One hundred calories per serving, two servings per container, three grams of fiber, product of USA, may contain traces of soy, manufactured in a facility that processes wheat.
We’re accustomed to seeing labels on our food that give us this information. However, there’s one detail you’ll find on food labels in 64 countries that you probably won’t find here in the United States: whether something you’ll eat contains genetically engineered ingredients.
According to the World Health Organization, these newfangled foods are “organisms in which the genetic material (DNA) has been altered in such a way that does not occur naturally.” The process of creating these foods involves injecting the gene of one species into the DNA of another species.
Currently, there’s no scientific consensus on the benefits or risks of engineered foods, but a trio of studies should give us pause.
In June, Australian researchers published a study in the peer-reviewed Journal of Organic Systems showing that pigs fed a diet of engineered corn and soy suffered from severe stomach inflammation when compared to pigs given traditional feed.
Two years ago, a study by Canada’s University of Sherbrooke Hospital Centre found the Bt toxin, a pesticide injected in the DNA of genetically modified corn and cottonseed, circulating in the blood of pregnant women and their fetuses, as well as non-pregnant women.
Earlier this year, Brazilian researchers reported in the Journal of Hematology & Thromboembolic Diseases that the Bt toxin can cause blood abnormalities from anemia to leukemia in mammals, “increasing their toxic effects with long-term exposure.”
Many people assume the Food and Drug Administration (FDA), the federal regulatory body for engineered foods, would only allow them if they had been proven safe for humans to eat. However, these genetically modified organisms have never been proven safe for consumption.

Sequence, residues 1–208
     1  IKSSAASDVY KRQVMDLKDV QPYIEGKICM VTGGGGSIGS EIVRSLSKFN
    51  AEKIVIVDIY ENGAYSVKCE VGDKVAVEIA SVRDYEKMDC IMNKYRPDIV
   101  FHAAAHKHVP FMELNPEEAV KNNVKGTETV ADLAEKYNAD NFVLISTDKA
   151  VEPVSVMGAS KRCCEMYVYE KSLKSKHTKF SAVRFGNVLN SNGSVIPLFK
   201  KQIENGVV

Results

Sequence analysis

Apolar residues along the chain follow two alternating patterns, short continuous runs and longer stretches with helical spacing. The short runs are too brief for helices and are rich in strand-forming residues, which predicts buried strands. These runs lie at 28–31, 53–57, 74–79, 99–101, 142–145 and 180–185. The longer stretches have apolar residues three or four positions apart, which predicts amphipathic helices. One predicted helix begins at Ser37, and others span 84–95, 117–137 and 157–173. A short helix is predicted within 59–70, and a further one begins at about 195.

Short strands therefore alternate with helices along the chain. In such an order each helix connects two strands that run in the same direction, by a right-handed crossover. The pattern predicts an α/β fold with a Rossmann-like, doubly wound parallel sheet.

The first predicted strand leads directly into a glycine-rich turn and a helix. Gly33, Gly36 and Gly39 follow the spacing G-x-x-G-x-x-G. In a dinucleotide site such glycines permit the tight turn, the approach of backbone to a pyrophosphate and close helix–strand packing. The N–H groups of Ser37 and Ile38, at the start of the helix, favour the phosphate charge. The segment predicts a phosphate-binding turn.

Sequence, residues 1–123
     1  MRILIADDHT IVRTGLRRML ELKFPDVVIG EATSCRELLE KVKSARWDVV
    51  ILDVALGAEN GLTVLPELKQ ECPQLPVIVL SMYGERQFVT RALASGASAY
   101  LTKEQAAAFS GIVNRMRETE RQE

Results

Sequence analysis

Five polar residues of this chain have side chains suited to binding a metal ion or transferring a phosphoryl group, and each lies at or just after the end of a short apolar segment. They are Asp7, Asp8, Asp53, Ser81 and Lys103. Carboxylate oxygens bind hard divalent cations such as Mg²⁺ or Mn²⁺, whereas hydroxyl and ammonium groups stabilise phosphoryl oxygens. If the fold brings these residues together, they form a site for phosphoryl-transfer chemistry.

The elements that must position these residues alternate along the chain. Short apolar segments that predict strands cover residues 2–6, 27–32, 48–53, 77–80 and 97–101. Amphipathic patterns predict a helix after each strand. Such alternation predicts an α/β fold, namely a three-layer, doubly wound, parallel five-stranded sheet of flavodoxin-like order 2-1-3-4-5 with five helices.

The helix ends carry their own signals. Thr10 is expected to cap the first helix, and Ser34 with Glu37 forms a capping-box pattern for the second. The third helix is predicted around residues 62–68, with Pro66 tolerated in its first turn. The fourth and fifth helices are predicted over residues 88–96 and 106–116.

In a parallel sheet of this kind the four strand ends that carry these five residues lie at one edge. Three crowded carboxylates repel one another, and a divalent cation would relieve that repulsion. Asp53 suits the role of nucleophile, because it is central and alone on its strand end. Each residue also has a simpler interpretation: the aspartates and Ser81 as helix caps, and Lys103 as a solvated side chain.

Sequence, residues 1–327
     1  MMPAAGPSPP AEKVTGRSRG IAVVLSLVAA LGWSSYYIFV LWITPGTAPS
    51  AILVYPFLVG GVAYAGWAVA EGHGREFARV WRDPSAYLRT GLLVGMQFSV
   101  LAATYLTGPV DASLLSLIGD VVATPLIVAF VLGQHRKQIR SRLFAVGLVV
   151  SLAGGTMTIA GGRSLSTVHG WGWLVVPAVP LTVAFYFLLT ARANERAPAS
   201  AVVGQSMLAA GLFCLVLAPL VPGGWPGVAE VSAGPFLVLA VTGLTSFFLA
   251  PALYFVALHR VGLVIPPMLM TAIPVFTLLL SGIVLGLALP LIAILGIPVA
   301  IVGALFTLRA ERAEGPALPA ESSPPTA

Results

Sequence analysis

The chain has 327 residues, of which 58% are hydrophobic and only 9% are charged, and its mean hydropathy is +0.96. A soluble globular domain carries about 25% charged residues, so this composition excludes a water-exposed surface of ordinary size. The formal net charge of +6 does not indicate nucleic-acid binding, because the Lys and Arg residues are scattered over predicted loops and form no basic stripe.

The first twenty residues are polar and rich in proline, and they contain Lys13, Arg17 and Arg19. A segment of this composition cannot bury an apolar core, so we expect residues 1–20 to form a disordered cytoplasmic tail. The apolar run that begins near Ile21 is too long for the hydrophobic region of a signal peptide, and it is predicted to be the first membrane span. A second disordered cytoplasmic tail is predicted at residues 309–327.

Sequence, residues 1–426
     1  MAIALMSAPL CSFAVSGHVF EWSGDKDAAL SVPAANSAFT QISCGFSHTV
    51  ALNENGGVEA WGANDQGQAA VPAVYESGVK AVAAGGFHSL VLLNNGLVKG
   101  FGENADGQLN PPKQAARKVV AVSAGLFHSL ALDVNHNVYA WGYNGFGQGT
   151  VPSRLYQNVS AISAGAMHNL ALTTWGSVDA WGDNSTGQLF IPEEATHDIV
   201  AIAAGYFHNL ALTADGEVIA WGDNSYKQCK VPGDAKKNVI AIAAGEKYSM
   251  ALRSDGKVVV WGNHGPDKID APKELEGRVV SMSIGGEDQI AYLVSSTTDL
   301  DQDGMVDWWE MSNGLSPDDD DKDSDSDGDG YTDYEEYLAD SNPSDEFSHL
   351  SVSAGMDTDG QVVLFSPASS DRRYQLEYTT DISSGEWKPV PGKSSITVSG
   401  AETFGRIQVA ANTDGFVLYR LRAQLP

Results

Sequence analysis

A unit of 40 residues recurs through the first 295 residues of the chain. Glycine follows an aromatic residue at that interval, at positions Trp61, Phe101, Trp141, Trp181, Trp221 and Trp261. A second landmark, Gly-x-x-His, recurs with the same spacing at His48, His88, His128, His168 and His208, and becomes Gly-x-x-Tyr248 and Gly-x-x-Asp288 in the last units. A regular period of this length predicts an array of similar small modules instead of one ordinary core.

Often, the same people are regulating and developing these newfangled foods. Several high-level employees at the FDA have also worked for food-industry corporations vehemently opposed to this kind of labeling. Most notably, Michael Taylor, the FDA’s deputy commissioner for foods, is a former vice president of Monsanto, the biggest player in the genetically modified food business.
Since the jury’s still out on the true safety of these ingredients, doesn’t it make sense for consumers to decide for ourselves if we want to eat them or not? Many companies that sell unlabeled genetically modified foods in our own country sell the same products in Europe — where labeling is required by law — either without including these ingredients or just saying so on the label.
If Big Ag can do this for its customers in Europe, why can’t it offer the same service for U.S. consumers?
There’s no lack of demand. A New York Times poll conducted earlier this year found that 93 percent of respondents think foods containing genetically modified ingredients should be identified. Almost 30 states have proposed state labeling initiatives. Connecticut and Maine passed labeling laws in June (though both are contingent on neighboring states also adopting labeling laws).
Now, a heated battle in Washington State over a labeling initiative is headed for a vote in November. Biotech, agribusiness, and food manufacturing companies are spending millions to defeat the initiative. In California, where Big Ag outspent labeling proponents by 5 to 1, voters rejected a similar labeling initiative by a narrow margin last year.
The deep-pocketed companies fighting labeling efforts argue that having different requirements in different states would be costly and confusing. Certainly, a unified federal labeling requirement would be better. Rep. Peter DeFazio (D-OR) in the House of Representatives and Sen. Barbara Boxer (D-CA) in the Senate have both introduced bills that would accomplish that goal.
Both bills have bipartisan support. If they pass, we’ll see a little more text on our packages of food. We’ll also know what we’re eating. Isn’t it about time?
OtherWords commentaries are free to re-publish in print and online — all it takes is a simple attribution to OtherWords.org. To get a roundup of our work each Wednesday, sign up for our free weekly newsletter here.